Expressions

Expressions work like in C.

Compound literals

C3 has C's compound literals, but unlike C's cast style syntax (MyStruct) { 1, 2 }, it uses a slightly different syntax, similar to C++: MyStruct({ 1, 2 }).

struct Foo
{
    int a;
    double b;
}

...
func void test(Foo x) { ... }

test(Foo({ 1, 2.0 }));

Literals are allocated on the stack, and similarly it's possible to allocate fixed size integers:

// By value
func void test1(int[3] x) { ... }

// By slice
func void test2(int[] y) { ... }

// By reference
func void test2(int[3]* z) { ... }

test1(int[3]({ 1, 2, 3 }));
test2(&&int[3]({ 1, 2, 3 }));
test3(&&int[3]({ 1, 2, 3 }));

Array literals

Syntax and implementation under consideration!

Arrays can be initialized using compound literals, but there is also a special format for array initialization using []. In this case, the type is inferred. It allows uniform initialization of all types of arrays:

int[3] y = [1, 2, 3]; // Fixed array allocated on the stack
int[] z = [1, 2, 3]; // Slice pointing at literal allocated on the stack

It offers some convenience when calling functions taking arrays:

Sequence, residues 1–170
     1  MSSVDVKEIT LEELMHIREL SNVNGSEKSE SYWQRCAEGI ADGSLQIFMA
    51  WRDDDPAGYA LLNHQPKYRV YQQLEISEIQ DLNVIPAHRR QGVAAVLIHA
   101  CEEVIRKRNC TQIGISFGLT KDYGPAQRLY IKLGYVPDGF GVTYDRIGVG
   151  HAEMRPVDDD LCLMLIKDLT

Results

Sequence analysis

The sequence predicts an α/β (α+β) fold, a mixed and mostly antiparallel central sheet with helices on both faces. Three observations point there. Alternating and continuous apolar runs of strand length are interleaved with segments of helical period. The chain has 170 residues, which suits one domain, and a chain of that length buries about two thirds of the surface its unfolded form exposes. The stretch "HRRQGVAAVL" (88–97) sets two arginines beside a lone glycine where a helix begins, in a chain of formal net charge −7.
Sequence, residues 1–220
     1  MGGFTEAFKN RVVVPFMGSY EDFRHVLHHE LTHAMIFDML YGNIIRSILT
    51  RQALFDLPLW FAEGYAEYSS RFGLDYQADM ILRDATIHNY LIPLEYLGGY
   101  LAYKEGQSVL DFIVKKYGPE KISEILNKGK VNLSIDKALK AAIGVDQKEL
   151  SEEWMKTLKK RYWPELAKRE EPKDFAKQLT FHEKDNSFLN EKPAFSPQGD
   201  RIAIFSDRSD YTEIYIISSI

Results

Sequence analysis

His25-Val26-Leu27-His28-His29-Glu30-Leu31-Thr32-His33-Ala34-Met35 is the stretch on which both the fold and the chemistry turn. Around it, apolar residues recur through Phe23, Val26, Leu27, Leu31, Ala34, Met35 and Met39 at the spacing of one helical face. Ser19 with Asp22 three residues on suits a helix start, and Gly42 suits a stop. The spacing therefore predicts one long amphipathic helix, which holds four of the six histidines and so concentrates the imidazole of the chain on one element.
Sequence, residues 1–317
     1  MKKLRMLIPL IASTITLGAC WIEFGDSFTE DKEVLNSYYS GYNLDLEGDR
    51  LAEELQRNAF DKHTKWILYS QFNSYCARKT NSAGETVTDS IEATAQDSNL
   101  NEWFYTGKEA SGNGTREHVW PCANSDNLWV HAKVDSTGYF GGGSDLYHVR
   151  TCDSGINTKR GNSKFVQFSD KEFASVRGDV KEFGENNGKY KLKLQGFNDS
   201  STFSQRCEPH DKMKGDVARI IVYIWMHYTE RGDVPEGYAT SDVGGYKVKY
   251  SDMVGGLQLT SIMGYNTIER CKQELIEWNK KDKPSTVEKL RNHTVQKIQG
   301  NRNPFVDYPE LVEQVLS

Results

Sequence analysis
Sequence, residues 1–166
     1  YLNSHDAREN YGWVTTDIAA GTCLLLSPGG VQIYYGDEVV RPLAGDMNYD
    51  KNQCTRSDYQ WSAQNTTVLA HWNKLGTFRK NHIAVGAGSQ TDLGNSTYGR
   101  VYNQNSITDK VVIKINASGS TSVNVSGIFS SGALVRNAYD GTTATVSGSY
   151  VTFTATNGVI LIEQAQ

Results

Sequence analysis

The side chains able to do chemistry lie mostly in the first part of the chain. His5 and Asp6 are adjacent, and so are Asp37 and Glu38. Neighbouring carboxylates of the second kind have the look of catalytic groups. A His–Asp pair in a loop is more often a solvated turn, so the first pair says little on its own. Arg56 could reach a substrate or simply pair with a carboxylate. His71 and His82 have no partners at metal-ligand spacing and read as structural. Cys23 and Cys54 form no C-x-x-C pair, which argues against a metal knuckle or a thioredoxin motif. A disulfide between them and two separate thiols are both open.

func void test1(int[3] x) { ... }
func void test2(int[] y) { ... }
func void test2(int[3]* z) { ... }

test1([ 1, 2, 3 ]);
test2([ 1, 2, 3 ]);
test3([ 1, 2, 3 ]);

Associative array literals

Syntax and implementation under consideration!

Associative arrays are mappings between keys and values:

IntStringMap x = { "a": 2, "b": { "3" : "foo" } };

To use an associative array, the struct needs to define the following generics: _map_init() and _map_init_add. In the example above, the actual code is compiled to:

IntStringMap x;
_map_init(&x);
_map_init_add(&x, "a", 2);
IntStringMap _temp;
_map_init(&_temp);
_map_init_add(&x, "3", "foo");
_map_init_add(&x, "b", _temp);